(1780's ? - 1821), North Bay
A North West Co. trading post on LaVase Island, originally built by Denis de La Ronde. It was closed in 1821 and the post was moved to Garden Island on the Sturgeon River following the merger of the North West and the Hudson's Bay Companies. The fort reportedly burned down sometime after 1821.

Mattawa House
(1828, 1837 - 1908), Mattawa
Trading in furs at this junction of historic canoe routes probably began during the French regime. At intervals during the 1820's and 1830's Chief Trader John Siveright, commanding the Hudson's Bay Company's post at Fort Coulonge, sent men to trade here. In 1837, primarily to counteract trading by lumbermen, the Company established a permanent post. Its original site was chosen by the Company's governor, George Simpson, but before 1843 it was moved to a new site (HBC records cover 1868 - 1906). In later years, faced with diminishing fur trade, the post supplied its former rivals the lumbermen and turned to general trade in the community which grew around it. The post was closed in 1908. Marker located on the north side of Main Street (Road 533) just west of the Mattawa River bridge.

Temagamong Post
(1834 - 1941), Lake Temagami
The first Hudson's Bay post on Lake Temagami was established on the south shore of Temagami Island in 1834 under Chief Trader Richard Hardisty, the father-in-law of Lord Strathcona. It was essentially an outpost of the Company's larger establishment on Lake Timiskaming in the Ottawa Valley. Also known as Temagami (originally Timagami), the post was not a large centre of trade and, in its early days, was abandoned several times. However, in these instances the consequent establishment of rival traders induced the Company to reopen the post. In the 1870's it was moved to Bear Island (HBC records begin 1932).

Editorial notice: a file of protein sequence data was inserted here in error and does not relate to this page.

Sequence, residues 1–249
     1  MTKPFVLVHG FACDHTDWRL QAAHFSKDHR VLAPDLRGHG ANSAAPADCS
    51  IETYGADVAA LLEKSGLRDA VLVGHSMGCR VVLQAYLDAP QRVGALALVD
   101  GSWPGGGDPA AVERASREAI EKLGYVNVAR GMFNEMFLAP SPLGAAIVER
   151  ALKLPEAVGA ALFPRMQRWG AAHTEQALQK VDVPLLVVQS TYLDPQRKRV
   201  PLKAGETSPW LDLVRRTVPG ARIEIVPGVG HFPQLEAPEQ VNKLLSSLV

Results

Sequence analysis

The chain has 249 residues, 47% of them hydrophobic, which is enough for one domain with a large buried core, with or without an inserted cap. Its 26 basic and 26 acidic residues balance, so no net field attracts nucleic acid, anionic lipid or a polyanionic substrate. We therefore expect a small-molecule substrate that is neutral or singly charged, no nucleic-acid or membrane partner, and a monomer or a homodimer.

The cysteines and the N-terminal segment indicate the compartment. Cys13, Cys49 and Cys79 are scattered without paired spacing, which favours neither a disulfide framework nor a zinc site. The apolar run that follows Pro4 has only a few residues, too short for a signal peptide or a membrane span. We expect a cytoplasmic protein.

Wanapitei Lake Post
(unknown dates), Wanapitei Lake
A Hudson's Bay Co. post.

Sudbury Post
(1888 - 1902), Sudbury
A Hudson's Bay Co. post.

Whitefish Lake Posts
(1824 - 1887/1896), near Whitefish and Naughton
The Hudson's Bay Company had established a fur trading post on the western shore of Whitefish Lake by 1824, rebuilt or relocated in 1827. It was hoped that a depot adjacent to the portage route to Wakami Lake would help prevent independent traders in Michigan, Wisconsin, and southern Ontario from encroaching on trade north of the French River. In this, the post was reasonably successful. In 1887 the Company dismantled the building and moved it to Naughton (Walden) so that it would be closer to the Canadian Pacific Railway line to Sault Ste. Marie. With the development of lumbering and mining in the region the fur trade declined in significance, and in 1896 the post was closed (HBC records cover 1888 - 1897). Marker located on Route 55 in Naughton, about 17 km southwest of Sudbury.

An independent British trade post was located nearby in 1830.

Killarney Trading Post
(1820 - unknown), Killarney
In 1820 the fur trader Etienne de la Morandi�re moved here, then known as Shebahonaning. He cleared land, planted crops, and even imported cattle. The remote settlement he founded continued to develop over the years despite the fact that until Highway 637 opened in 1962 it was accessible only by water. Marker located on the grounds of the municipal building at 31 Commissioner Street.

Little Current Trading Post
(1856 - 1859), Little Current
In 1856 the Hudson's Bay Company, faced with decline in trade at Fort La Cloche on the mainland, obtained permission to establish a post at Little Current. A substantial log building, this community's first European structure, was built near here in 1856-57 by George McTavish, the clerk in charge of La Cloche. However, opposition from some Indians and resident missionaries to what they considered encroachment on the Indian Reserve caused the government to rescind the Company's license in 1859 before actual trading began. In 1868 the building was purchased by G.B. Abrey for use as a residence. Twice remodelled, it was destroyed by fire in 1942. Marker located on the southwest corner of Manitowaning Road at Water Street on a post against the side of a building